What is Kaniko?
Kaniko is a DevOps tool for building container images from a Dockerfile, inside a container or a Kubernetes cluster. Kaniko operates entirely in userspace which means it works independently of Docker. This allows you to build container images in any location where Docker cannot be accessed.
When should I use Kaniko?
If your Kubernetes platform is running version 1.24 or a newer version, Kubernetes has removed its support for Docker. This means it will no longer be possible to build container images in your current Continuous Integration, Deployment, and Delivery (CI/CD) using Docker. Kaniko provides you with the ability to continue using your existing infrastructure. A difference between Docker and Kaniko is that Kaniko by default builds and pushes one time for each layer in the Dockerfile, whereas Docker builds all layers and pushes once.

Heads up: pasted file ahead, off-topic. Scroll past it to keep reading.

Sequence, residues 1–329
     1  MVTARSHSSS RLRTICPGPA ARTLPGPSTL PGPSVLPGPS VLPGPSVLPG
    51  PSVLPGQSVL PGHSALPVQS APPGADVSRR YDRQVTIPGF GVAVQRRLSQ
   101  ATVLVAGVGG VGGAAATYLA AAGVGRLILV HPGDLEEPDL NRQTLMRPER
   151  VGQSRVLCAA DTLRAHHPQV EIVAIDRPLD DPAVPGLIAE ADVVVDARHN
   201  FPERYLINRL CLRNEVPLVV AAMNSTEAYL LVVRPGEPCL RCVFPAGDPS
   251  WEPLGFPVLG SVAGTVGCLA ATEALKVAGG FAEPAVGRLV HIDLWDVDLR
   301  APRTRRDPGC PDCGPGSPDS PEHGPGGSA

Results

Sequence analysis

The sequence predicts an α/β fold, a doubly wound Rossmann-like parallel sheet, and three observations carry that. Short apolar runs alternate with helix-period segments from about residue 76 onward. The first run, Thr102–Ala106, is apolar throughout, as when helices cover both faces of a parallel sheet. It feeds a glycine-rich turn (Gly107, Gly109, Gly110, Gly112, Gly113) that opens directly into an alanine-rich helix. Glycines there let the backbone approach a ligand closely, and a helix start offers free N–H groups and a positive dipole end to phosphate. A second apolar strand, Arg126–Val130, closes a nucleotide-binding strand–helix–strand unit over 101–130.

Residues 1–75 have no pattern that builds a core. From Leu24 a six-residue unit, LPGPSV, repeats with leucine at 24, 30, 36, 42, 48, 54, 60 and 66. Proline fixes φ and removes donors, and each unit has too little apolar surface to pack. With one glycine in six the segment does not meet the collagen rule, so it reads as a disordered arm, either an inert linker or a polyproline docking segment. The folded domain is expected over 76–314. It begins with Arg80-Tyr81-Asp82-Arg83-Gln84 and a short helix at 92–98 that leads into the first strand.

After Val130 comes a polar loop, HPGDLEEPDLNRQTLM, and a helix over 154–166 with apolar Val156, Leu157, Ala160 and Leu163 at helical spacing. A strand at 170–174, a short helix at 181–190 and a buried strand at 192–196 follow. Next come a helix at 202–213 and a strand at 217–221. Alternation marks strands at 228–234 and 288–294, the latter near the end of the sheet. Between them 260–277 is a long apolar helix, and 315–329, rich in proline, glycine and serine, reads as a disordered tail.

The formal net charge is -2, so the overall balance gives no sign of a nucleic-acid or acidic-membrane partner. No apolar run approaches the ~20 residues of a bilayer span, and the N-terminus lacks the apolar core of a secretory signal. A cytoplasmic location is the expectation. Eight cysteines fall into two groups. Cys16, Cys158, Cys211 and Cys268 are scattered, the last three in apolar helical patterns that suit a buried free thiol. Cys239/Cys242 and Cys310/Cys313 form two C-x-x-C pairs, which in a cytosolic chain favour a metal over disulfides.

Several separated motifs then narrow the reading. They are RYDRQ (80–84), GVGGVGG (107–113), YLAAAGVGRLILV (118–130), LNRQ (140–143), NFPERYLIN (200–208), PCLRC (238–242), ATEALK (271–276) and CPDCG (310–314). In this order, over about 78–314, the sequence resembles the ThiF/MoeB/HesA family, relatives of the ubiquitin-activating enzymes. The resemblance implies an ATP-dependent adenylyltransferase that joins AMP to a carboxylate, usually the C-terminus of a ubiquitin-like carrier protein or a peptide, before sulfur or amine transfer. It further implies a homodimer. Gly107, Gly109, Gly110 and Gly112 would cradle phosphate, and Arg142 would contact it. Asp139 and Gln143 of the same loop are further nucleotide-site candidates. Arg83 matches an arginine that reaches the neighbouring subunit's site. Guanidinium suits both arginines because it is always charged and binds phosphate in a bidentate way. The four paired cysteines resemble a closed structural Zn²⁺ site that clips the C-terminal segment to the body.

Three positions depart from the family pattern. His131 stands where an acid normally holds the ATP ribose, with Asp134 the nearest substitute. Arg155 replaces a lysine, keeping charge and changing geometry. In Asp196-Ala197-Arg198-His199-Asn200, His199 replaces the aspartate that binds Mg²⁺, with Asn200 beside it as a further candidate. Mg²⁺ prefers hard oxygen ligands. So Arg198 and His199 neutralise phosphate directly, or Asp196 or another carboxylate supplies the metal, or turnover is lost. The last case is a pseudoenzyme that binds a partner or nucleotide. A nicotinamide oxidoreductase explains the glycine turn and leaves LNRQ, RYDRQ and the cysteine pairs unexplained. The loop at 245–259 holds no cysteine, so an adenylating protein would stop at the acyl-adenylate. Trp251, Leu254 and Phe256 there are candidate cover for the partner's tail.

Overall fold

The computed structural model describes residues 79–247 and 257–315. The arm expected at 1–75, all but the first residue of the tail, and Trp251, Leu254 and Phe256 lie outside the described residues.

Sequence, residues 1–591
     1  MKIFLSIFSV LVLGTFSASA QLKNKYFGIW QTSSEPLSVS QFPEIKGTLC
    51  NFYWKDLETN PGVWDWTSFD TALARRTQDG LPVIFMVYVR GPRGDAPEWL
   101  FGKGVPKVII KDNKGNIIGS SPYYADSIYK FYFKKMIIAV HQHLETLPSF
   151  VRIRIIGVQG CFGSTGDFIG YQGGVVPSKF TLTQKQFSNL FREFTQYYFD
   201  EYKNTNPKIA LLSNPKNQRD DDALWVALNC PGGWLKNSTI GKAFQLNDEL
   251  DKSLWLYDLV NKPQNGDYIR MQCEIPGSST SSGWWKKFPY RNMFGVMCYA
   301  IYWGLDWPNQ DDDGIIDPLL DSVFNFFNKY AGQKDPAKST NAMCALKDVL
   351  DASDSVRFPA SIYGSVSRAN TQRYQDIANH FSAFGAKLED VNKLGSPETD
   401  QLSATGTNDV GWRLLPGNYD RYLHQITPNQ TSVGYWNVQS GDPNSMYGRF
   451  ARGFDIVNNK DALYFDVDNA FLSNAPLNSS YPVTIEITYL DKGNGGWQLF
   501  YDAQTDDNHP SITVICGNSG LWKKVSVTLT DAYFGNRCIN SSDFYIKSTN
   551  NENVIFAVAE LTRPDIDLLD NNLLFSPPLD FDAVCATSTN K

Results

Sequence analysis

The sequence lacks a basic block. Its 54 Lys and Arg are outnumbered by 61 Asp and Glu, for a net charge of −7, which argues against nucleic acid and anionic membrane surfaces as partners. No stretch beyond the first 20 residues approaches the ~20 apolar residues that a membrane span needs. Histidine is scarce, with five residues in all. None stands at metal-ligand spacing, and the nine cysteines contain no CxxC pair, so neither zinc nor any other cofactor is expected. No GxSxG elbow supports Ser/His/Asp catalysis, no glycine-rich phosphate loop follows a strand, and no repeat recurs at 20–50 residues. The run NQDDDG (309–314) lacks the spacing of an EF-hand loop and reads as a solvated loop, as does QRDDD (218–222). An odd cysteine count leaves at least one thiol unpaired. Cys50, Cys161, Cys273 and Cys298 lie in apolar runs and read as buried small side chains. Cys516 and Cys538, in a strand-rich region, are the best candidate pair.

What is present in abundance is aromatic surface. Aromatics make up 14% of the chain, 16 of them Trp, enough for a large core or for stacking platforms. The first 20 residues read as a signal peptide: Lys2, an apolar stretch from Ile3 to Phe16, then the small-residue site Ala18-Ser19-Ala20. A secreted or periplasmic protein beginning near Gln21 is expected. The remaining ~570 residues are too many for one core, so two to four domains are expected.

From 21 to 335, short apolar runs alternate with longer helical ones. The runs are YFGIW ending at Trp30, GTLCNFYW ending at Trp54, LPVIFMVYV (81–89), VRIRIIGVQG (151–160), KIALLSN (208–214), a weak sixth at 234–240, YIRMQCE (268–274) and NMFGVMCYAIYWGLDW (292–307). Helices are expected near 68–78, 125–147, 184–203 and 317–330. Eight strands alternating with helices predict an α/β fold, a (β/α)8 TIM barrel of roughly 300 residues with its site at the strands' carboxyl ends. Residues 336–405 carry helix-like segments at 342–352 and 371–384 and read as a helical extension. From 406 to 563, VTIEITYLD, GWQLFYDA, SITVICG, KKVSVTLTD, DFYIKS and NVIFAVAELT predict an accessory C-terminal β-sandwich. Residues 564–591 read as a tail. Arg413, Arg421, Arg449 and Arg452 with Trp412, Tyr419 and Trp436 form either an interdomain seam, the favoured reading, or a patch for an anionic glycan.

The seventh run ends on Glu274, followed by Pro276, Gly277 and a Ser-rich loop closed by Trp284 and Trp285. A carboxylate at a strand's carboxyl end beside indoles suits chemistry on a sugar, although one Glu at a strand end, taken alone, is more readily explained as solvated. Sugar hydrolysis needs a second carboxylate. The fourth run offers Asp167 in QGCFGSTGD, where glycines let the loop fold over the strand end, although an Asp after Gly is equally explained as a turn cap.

What are the benefits of using Kaniko?
The benefits of using Kaniko are that companies will not need to invest in developing and setting up dedicated infrastructure for building. In addition, the transition from Docker to Kaniko works seamlessly.
Another benefit of using Kaniko is that it enables you to reuse your existing Dockerfiles, thus eliminating the need to rewrite this part of your Infrastructure as Code (IaC).
How can Tech Chapter help you with Kaniko?
Tech Chapter’s DevOps consultants have extensive experience in providing professional advice and executing migrations from Docker to Kaniko - both in simple and more complex setups. Our DevOps experts will guide you in navigating the process from start to finish so your transition will be seamless.
Alternative solutions to Kaniko
There are alternative Software-as-a-Service (SaaS) solutions to Kaniko. If SaaS is not an option, an alternative could be setting up a separate Docker platform. However, this solution can quickly become extensive and costly, counteracting the scalability benefits you would otherwise have by remaining on a unified platform.